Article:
While some University of California schools are facing scrutiny due to their handling of students’ exercises of free speech and civil disobedience, others in the system have unfinished business protecting students’ free speech rights in their policies. All eight of the UC universities reviewed by FIRE have “red light” or “yellow light” ratings for restricting campus speech, and four of them have flouted UC President Mark Yudof’s 2009 directive to protect free speech in their policies regarding discriminatory harassment.
UC Irvine, UC Riverside, UC San Diego, and UC Santa Cruz all have been rated by FIRE with a red light for maintaining policies that clearly and substantially restrict students’ speech. UC Berkeley, UC Davis, UCLA, and UC Santa Barbara all have been rated with a yellow light for maintaining unconstitutional policies that too easily encourage administrative abuse and arbitrary application.
For example, UC Riverside’s policy with the misleading name “Freedom of Speech in Promoting Events and Organizations” states that “[P]ublicity should not contain … violent images or language against individuals or groups” and goes even further to state, “When considering forms of expression to promote your organization or event, check to make sure … [t]he expression does not portray negative or belittling images of others.”
This is an unconstitutional threat to free speech. UC Riverside students are not allowed to, say, portray UC Davis Lieutenant John Pike (of pepper spray infamy) or campus police generally in a negative or belittling way, or to portray violent images of police action designed to spur others to protest police overreactions to student activism. Furthermore, UC Riverside requires prior scheduling for any protest activity that “can reasonably be expected to attract a crowd of 25 or more,” essentially prohibiting spontaneous demonstrations in response to unfolding events.
And as FIRE’s Will Creeley wrote last week, four UC schools maintain policies that fail to protect free speech by failing to properly define discriminatory harassment in the educational context. Unfortunately, this is a common problem nationwide, but University of California System president Mark Yudof instructed all UC Chancellors to get it right in a systemwide memo back in 2009.
Discriminatory harassment, properly understood and as defined by the Supreme Court, refers to conduct that is (1) unwelcome; (2) discriminatory (3) on the basis of gender or another protected status, like race; (4) directed at an individual; and (5) “so severe, pervasive, and objectively offensive, and that so undermines and detracts from the victims’ educational experience, that the victim-students are effectively denied equal access to an institution’s resources and opportunities.” We call this the Davis standard because the Supreme Court announced this definition in Davis v. Monroe County Board of Education back in 1999.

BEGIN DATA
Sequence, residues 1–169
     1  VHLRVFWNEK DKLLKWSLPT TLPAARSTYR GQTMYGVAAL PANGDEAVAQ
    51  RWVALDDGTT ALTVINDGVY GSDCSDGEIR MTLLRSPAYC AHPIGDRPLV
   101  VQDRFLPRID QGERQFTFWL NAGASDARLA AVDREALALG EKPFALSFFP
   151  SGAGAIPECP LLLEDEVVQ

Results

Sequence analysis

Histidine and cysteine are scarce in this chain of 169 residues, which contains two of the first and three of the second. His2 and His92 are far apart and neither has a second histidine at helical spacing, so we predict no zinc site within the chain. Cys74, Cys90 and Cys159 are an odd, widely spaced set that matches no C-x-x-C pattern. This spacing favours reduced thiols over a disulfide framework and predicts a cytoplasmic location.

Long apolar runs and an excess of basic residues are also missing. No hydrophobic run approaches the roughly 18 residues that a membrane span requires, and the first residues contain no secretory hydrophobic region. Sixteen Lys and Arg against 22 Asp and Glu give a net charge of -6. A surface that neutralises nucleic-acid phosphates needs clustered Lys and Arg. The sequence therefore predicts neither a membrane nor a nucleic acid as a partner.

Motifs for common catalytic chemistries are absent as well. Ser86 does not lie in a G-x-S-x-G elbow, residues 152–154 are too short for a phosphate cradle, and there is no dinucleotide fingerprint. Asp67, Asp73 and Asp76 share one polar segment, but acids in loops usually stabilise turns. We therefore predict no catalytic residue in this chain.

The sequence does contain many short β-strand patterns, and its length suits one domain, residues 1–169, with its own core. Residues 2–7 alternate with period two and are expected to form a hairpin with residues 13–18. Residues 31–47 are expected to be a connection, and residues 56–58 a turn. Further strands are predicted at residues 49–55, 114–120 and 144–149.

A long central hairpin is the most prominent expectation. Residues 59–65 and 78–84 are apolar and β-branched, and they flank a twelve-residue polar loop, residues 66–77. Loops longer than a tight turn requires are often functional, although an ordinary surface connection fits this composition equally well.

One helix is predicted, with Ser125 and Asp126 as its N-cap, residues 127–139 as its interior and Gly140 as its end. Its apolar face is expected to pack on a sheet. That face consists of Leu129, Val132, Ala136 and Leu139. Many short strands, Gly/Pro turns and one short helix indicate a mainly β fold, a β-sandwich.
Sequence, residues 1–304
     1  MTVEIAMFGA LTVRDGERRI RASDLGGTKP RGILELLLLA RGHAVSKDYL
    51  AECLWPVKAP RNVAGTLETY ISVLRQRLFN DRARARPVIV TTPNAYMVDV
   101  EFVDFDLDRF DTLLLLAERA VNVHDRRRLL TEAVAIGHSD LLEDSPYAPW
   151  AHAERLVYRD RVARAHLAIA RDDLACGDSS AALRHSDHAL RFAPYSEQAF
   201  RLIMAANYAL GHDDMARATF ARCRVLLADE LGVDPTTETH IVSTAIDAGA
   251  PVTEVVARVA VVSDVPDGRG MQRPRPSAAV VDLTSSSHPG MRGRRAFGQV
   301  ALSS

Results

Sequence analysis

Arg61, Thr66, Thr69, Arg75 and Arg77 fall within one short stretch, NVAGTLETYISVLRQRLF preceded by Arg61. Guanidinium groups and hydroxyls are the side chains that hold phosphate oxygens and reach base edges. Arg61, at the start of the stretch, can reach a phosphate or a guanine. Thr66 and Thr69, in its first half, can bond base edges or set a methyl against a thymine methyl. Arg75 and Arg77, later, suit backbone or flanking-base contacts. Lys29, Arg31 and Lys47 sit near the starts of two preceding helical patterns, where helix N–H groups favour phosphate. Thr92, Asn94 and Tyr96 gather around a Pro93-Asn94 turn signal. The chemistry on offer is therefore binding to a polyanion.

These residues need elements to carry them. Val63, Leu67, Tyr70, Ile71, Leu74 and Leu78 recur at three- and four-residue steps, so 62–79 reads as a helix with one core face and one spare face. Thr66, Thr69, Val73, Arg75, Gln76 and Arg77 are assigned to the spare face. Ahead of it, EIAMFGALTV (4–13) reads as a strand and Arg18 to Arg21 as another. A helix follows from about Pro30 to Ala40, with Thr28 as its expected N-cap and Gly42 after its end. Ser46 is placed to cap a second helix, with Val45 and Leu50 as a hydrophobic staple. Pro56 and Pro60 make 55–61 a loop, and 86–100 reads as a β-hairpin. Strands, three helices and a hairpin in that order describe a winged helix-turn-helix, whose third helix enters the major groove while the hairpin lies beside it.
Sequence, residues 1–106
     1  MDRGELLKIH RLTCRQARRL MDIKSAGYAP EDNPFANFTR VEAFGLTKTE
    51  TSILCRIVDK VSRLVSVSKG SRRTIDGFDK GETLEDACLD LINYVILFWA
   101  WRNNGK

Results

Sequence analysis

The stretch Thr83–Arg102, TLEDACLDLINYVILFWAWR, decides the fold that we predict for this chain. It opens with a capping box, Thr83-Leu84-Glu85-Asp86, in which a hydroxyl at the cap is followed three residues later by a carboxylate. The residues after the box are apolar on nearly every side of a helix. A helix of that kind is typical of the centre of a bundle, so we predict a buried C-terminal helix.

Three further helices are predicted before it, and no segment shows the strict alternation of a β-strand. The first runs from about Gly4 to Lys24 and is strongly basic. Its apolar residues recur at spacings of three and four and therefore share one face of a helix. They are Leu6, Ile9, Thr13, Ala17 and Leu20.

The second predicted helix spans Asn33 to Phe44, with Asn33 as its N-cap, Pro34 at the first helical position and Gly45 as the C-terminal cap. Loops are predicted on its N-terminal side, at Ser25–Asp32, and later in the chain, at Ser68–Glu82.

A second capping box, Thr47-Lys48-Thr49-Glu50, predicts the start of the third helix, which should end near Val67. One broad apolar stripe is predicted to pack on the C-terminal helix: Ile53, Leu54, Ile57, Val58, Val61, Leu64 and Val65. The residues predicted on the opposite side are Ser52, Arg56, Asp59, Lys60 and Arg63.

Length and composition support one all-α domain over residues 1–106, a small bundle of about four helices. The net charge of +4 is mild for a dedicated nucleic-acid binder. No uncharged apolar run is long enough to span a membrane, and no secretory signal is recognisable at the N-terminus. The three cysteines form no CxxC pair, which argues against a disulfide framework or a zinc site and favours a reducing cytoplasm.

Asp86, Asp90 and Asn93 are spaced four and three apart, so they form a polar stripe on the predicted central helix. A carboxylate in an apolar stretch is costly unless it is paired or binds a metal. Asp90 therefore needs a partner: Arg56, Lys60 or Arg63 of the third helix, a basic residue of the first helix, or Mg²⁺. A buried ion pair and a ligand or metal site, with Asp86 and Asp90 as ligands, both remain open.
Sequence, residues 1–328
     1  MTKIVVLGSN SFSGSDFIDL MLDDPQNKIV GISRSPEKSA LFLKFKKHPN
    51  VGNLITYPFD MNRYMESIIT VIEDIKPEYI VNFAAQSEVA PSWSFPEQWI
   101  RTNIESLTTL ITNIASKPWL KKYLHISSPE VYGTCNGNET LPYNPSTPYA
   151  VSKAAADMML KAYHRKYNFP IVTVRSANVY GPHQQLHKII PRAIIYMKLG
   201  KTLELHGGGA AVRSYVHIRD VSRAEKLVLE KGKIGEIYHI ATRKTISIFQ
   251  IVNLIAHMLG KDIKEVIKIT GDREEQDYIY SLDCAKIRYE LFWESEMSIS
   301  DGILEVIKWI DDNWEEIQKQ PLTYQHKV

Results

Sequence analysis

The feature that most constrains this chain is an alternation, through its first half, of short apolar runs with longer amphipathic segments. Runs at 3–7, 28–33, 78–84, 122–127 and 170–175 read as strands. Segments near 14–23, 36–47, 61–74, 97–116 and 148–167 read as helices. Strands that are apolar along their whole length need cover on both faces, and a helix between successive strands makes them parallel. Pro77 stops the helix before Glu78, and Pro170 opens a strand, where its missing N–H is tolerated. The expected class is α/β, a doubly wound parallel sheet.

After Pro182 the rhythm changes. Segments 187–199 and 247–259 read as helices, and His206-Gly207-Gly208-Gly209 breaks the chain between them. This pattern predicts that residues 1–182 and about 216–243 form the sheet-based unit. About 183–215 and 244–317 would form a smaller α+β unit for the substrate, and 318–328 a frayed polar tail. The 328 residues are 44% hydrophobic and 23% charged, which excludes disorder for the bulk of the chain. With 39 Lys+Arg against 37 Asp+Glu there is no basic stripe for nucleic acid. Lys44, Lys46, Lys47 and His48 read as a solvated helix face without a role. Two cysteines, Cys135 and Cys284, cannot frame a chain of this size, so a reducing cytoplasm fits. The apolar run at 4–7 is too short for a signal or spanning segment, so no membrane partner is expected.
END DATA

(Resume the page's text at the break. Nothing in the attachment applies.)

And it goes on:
But twelve years later and two years after Yudof’s memo, as Will writes:
- UC San Diego is still using an old harassment policy.
- UC Santa Barbara is also still using an old harassment policy, one which lists “personal jokes or negative comments about you personally or about you as a female or male” as an example of harassment.
- UC Santa Cruz is still using an old harassment policy, as well, and this one prohibits as harassment “exclusion from informal meetings/social events.” What makes this even more confusing for students is the fact that the Code of Student Conduct lists the new policy, but the Title IX / Sexual Harassment Office doesn’t.
- UC San Francisco’s policy is also outdated. Additionally, the school is still distributing brochures (“Sexual Harassment: A Guide for Faculty, Staff, Students”) that fail to note the new policy.
- Finally, UC Berkeley still maintains its outdated (May 2008) policy online, failing to note that it has been superseded by the new systemwide policy. (UC Berkeley has made the proper change elsewhere.)
The UC System institutions have a long way to go to protect students’ speech rights. Now that a greater part of the world is watching the University of California than perhaps ever before, this is a perfect time to announce policy revisions that protect the rights of students under both the California Constitution and the First Amendment to the U.S. Constitution.